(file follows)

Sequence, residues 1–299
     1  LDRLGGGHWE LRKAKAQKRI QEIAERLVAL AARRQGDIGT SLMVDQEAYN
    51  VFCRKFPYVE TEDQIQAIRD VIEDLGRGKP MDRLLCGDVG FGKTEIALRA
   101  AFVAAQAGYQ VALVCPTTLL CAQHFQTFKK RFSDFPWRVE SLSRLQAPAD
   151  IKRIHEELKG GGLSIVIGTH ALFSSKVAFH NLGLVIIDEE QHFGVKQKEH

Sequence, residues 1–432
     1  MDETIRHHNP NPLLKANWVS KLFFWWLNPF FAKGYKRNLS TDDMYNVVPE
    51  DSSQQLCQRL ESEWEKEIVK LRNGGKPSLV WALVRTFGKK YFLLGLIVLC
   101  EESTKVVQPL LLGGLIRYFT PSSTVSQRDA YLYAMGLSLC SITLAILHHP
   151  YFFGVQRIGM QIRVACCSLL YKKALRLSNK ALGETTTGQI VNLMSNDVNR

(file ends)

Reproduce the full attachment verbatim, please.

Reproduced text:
Sequence, residues 1–299
     1  LDRLGGGHWE LRKAKAQKRI QEIAERLVAL AARRQGDIGT SLMVDQEAYN
    51  VFCRKFPYVE TEDQIQAIRD VIEDLGRGKP MDRLLCGDVG FGKTEIALRA
   101  AFVAAQAGYQ VALVCPTTLL CAQHFQTFKK RFSDFPWRVE SLSRLQAPAD
   151  IKRIHEELKG GGLSIVIGTH ALFSSKVAFH NLGLVIIDEE QHFGVKQKEH

Sequence, residues 1–432
     1  MDETIRHHNP NPLLKANWVS KLFFWWLNPF FAKGYKRNLS TDDMYNVVPE
    51  DSSQQLCQRL ESEWEKEIVK LRNGGKPSLV WALVRTFGKK YFLLGLIVLC
   101  EESTKVVQPL LLGGLIRYFT PSSTVSQRDA YLYAMGLSLC SITLAILHHP
   151  YFFGVQRIGM QIRVACCSLL YKKALRLSNK ALGETTTGQI VNLMSNDVNR